The Petaluma City Council voted 5-2 Monday to raise water and sewer rates while attaching future rate hikes to the pace of inflation. The water bill for a typical Petaluma resident will increase 3.8 percent in the new year, while the sewer bill will rise 2.6 percent. The hikes are the smallest rate increases in Petaluma in years, but some residents were still angry, wanting a break after years of soaring bills, particularly for sewer service.
The county Water Agency has a responsibility to assure the Russian River remains healthy and sustainable, says Brenda Adelman, chairwoman of the Russian River Watershed Protection Committee. She says there are many questions about its plan to manage the estuary, where the river meets the Pacific Ocean.
Petaluma residents will likely see small water and sewer rate hikes for each of the next five years as the city looks at passing on wholesale water costs to customers and adopts annual inflationary increases. But, the city’s water experts said, the hikes aren’t as bad as they could have been — and are lower than each of the last five years’ increases.
Some people would have you believe that the Sonoma County Water Agency is going to build a dam made of sand at the mouth of the Russian River while polluting river water and preventing visitors from using beautiful Goat Rock State Beach. Supervisor Efren Carrillo says nothing could be further from the truth.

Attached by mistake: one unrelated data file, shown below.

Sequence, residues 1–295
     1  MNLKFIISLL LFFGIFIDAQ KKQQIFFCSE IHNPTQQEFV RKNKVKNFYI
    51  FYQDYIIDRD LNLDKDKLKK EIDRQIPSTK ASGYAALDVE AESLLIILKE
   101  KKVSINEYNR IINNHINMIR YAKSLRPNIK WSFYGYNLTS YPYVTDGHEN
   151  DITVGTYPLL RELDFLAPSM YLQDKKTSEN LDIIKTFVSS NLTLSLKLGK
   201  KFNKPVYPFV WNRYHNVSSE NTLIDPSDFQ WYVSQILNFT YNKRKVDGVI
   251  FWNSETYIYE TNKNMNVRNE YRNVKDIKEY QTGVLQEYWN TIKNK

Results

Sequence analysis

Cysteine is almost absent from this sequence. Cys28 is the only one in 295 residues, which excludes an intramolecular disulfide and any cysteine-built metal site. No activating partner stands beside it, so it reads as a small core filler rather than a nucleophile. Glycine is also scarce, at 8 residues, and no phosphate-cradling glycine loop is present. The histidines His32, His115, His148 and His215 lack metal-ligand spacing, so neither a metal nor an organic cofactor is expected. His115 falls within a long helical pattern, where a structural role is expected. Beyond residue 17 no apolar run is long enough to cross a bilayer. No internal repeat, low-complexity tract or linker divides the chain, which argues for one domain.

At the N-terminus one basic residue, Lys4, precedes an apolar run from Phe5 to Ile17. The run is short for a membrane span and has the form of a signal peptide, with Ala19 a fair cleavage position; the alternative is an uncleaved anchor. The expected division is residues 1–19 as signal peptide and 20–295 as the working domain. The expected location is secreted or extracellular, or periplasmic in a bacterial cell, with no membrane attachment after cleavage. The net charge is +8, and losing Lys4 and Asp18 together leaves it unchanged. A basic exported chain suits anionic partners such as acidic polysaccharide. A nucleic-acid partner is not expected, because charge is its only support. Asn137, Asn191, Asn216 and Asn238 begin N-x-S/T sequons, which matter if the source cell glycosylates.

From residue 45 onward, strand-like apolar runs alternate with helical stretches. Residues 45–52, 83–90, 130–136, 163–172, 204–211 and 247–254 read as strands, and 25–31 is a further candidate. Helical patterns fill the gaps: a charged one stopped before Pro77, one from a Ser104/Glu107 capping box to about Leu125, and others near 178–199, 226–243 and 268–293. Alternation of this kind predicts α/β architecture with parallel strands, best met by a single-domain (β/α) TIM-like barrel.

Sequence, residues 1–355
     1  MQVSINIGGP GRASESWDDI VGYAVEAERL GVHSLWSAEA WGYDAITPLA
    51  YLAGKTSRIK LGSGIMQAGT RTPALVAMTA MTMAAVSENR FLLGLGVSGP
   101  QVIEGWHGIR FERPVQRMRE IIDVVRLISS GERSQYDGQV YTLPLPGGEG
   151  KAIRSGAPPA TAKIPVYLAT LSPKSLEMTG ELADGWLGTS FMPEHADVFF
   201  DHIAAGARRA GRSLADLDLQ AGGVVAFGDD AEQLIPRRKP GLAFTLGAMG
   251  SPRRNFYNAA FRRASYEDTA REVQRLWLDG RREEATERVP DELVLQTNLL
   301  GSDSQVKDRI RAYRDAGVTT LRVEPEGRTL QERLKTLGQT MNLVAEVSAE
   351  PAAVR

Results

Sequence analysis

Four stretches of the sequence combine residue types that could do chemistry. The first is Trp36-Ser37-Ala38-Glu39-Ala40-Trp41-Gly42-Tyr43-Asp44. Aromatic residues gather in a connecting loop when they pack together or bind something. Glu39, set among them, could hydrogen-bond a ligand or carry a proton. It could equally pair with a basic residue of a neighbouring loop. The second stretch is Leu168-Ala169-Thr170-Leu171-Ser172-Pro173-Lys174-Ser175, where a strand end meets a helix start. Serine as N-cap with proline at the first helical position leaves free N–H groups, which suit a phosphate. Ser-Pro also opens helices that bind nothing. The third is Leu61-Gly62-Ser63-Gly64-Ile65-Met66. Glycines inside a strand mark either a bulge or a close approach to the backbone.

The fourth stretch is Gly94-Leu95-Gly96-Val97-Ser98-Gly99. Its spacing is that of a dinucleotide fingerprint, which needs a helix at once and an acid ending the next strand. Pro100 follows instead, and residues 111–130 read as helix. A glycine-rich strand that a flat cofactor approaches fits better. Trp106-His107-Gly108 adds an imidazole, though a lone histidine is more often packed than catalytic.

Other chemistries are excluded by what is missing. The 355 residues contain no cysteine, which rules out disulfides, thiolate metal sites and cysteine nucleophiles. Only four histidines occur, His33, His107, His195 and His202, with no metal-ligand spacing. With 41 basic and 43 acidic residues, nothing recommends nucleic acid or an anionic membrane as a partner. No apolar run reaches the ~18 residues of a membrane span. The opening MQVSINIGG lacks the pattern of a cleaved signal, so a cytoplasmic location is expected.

A move by Sonoma County government into the role of power supplier to homes and businesses would come with trade-offs, according to a new study. The average ratepayer would pay more for electricity — $4 to $10 a month — for power provided by the county, compared to PG&E. But greenhouse gas emissions would fall and the new agency would create jobs. The supes take up the report on Tuesday.
Gov. Jerry Brown has signed legislation to ease the path for local governments — including the Sonoma County Water Agency — seeking to establish their own power agencies. The bill by state Sen. Mark Leno strengthens existing law requiring privately owned utilities to cooperate with public power efforts.
A river protection group is challenging the Sonoma County Water Agency’s environmental report on breaching the sandbar at the mouth of the Russian River. A lawsuit by the Russian River Watershed Protection Committee claims the environmental report doesn’t adequately address harmful impacts and offer alternatives for recreation and water quality.
On paper, Windsor can’t quite supply water to all 1,733 future homes in its development pipeline. But the town is working on options to enable it to meet its water commitments, including a new well site, conservation and increasing use of recycled wastewater.
The Board of Supervisors decided the benefits of creating a fresh-water lagoon in the Russian River at Jenner for the survival of juvenile steelhead outweigh the negatives, such as the possibility of worsening water quality. The board, which faced a violation of the federal Endangered Species Act if it did not take action, approved the final environmental report on the Sonoma County Water Agency’s project.